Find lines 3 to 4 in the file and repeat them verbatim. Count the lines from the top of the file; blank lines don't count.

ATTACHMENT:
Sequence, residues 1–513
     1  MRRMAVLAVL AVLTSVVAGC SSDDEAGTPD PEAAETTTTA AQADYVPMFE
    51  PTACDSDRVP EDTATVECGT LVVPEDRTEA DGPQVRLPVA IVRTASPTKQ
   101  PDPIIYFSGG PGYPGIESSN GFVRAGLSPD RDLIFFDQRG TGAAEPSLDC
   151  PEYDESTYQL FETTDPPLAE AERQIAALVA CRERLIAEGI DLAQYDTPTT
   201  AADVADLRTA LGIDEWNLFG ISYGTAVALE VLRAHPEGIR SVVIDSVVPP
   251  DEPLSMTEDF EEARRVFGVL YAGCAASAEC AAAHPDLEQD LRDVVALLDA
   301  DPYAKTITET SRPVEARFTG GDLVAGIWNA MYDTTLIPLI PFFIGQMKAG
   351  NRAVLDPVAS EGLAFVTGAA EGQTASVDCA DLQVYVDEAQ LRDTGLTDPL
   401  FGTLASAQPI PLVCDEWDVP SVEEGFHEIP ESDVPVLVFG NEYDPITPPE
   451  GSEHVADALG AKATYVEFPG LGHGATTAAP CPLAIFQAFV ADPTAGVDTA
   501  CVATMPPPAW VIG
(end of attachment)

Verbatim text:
    51  PTACDSDRVP EDTATVECGT LVVPEDRTEA DGPQVRLPVA IVRTASPTKQ
   101  PDPIIYFSGG PGYPGIESSN GFVRAGLSPD RDLIFFDQRG TGAAEPSLDC